The Ovarian Cancer Laboratory at the University of Chicago, founded in 2004, is dedicated to improving our understanding of the biology of ovarian cancer metastasis and exploring the use of novel drugs for its treatment. We have a collaborative environment in the laboratory, where scientists, postdocs, physicians, fellows, and students work together to answer critical questions in ovarian cancer biology. We meet once a week to discuss research results and new ideas or listen to an invited speaker in our field. The laboratory is directed by Ernst Lengyel, MD, PhD – a clinically active gynecologic oncologist with a special focus on the surgical treatment of ovarian cancer; and Hilary Kenny, PhD – a Research Associate Professor whose work focuses on elucidating the role of the tumor microenvironment in ovarian cancer development and metastasis. Drs. Lengyel and Kenny have worked together successfully since 2005.
Ovarian cancer is the fifth leading cause of cancer death among women in the United States and has the highest mortality rate of all gynecologic malignancies. The high fatality of the disease is because it is often diagnosed at a late stage when tumor cells have disseminated within the peritoneal cavity. Unfortunately, despite aggressive treatment, most patients have an incurable recurrence at some point in their cancer journey. For clinical information about ovarian cancer and ovarian mass treatments, please visit the University of Chicago Medicine’s Gynecologic Oncology webpage.
Main projects in the laboratory:
- Discover the cell of origin of serous ovarian cancer
- Characterize tumor-stroma interactions in ovarian cancer, including the communications between adipocytes, fibroblasts, mesothelial cells, immune, and cancer cells
- Utilize advanced spatial transcriptomics, methylation sequencing, metabolomics and spatial proteomics methods to gain further insights into ovarian cancer biology and develop tools for ovarian cancer detection and treatment
- Use low- and high- throughput screening to identify and evaluate the efficacy of genes and new compounds in pre-clinical models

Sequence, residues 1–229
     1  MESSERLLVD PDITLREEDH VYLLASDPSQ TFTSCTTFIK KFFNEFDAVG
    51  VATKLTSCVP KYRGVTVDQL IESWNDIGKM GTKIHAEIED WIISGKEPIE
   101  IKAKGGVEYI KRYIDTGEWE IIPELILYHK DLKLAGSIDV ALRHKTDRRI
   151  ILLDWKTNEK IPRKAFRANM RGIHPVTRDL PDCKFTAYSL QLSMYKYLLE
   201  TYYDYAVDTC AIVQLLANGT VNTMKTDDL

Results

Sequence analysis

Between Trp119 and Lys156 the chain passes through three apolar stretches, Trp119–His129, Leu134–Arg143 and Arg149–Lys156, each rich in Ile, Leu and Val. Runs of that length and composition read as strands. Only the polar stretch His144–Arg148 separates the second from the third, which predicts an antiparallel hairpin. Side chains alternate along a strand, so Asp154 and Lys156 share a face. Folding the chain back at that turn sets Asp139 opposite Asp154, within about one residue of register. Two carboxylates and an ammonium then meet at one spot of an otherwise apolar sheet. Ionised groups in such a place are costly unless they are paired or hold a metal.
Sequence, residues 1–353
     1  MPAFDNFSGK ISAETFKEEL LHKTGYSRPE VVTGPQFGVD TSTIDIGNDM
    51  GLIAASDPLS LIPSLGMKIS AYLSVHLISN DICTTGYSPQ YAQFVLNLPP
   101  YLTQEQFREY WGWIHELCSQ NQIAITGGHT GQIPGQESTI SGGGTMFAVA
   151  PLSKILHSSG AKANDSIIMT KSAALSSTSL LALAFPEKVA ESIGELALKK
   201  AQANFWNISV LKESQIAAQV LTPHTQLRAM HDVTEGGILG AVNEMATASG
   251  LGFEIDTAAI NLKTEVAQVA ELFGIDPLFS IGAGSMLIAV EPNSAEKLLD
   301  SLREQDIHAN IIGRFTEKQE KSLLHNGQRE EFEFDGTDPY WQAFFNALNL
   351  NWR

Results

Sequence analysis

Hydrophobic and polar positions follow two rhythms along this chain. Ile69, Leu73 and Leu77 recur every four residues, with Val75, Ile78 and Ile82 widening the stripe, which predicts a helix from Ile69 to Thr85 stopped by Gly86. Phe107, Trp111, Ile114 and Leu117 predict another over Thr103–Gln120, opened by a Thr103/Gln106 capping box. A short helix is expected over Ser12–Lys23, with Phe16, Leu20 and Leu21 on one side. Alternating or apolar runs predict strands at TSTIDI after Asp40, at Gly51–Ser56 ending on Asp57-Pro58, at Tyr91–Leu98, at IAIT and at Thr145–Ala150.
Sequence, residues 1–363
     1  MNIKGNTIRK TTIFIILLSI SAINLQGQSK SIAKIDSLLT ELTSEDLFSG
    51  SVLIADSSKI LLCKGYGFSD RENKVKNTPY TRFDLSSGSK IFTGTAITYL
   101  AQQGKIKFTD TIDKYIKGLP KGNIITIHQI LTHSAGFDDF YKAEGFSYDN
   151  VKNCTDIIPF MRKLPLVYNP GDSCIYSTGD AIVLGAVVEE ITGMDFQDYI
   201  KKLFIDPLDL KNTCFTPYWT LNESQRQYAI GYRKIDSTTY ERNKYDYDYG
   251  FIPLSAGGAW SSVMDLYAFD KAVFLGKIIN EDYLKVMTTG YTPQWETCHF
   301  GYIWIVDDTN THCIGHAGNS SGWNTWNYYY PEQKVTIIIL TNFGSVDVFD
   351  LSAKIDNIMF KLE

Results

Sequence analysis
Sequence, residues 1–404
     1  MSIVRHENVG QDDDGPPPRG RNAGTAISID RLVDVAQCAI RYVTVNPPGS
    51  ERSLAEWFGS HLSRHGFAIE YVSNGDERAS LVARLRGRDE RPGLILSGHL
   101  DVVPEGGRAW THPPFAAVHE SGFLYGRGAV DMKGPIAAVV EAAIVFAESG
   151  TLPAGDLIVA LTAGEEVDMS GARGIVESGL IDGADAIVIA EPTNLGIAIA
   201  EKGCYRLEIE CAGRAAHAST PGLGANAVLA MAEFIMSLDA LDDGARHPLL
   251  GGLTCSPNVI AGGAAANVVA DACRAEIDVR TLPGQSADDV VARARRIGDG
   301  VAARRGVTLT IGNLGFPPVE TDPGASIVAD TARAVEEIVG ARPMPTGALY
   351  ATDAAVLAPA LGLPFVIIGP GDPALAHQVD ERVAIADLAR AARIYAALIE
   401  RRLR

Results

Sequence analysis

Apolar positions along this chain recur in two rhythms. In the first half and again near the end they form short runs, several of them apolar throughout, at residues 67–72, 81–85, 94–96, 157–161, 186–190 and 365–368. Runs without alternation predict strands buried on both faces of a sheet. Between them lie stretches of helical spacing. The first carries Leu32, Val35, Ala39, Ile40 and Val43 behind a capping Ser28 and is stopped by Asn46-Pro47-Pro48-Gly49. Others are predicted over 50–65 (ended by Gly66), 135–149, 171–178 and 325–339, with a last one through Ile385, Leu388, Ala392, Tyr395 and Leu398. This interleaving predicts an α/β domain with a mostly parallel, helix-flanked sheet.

Our research is bedside to bench using primary and cultured ovarian cancer cell lines and mouse models of ovarian cancer (xenograft and genetic). Interactions between cancer cells and the microenvironment are investigated in vitro using novel organotypic 3D cultures. We have also assembled tissue micro arrays (TMA) of primary and metastatic ovarian cancers. These tissue samples are linked to a database containing clinico-pathologic information on all ovarian cancer patients operated on at the University of Chicago since 1992.
To reach our goals we have formed important collaborations with physicians and scientists. The common goal of everybody working in or with our laboratory is to transfer knowledge from the laboratory to the clinical arena, so we may improve the survival of women suffering from ovarian cancer. Our collaborators include:
- National Center for Advancing Translational Science (NCATS) (High throughput screening, NExT Program)
- Dr. Ricardo R. Lastra (Gynecologic Pathology)
- The Mann Laboratory (Proteomics and Spatial Proteomics)
- The Moellering Laboratory: Dr. Raymond Moellering (Metabolomics)
- The He Laboratory: Dr. Cheung He (Methylation) https://chemistry.uchicago.edu/faculty/chuan-he
- Dr. Yan Li (Bioinformatics)
- Dr. Diane Yamada, Dr. Katie Kurnit, and Dr. Sarah Ackroyd (Gynecologic Oncology)
Join the Ovarian Cancer Laboratory:
We have job openings for research assistants and postdoctoral scientists. Email us your CV if you're interested in joining our team: firstname.lastname@example.org.
Post-doctoral Scholar Positions in Spatial ‘Omics’ and Ovarian Cancer Biology
The Ovarian Cancer Research Laboratory led by Drs. Lengyel and Kenny is seeking highly motivated postdocs to join our laboratory’s efforts to understand human ovarian cancer biology. Our laboratory studies the role of the microenvironment in ovarian cancer development and progression; using knowledge gained to develop novel treatments for metastatic ovarian cancer. The postdoc will have the opportunity to work in a multi-disciplinary environment in close collaboration with physicians, device fabrication engineers, statisticians, and molecular and systems biologists at the University of Chicago.
The postdoc will map all cell types in the female reproductive system and ovarian cancer tumors with a focus on site-specific cell-cell interactions, their response to environmental cues, and their role in ovarian cancer pathogenesis and progression. We aim to evaluate the function of different cell types using state-of-the-art, high-throughput ‘omics’ techniques.
· PhD, MD, or equivalent doctoral degree in systems biology, molecular biology, cancer biology, biochemistry, chemical or biomedical engineering
· Record of scientific achievement through publications and presentations
· Strong track record in design and execution of experiments and a passion for translational science
· Excellent written and spoken communication skills in English
· Ability to conduct research independently; interest in mechanistic research
· Superb problem solving skills
· Exceptional interpersonal skills
· Impeccable wet lab skills
· Experience with flow cytometry, optical microscopy, immunohistochemistry, immunofluorescence, molecular biology, and sequencing are strongly desired
· Familiarity with spatial proteomics and bioinformatics will be advantageous
Please email Ernst Lengyel at email@example.com with a brief statement regarding research interests, CV, and a list of two references with their email addresses.
2020 – 2024
2006 – 2025
Bears Care (NFL Chicago Bears)
2022 – 2024
2024 – 2025
2023 – 2026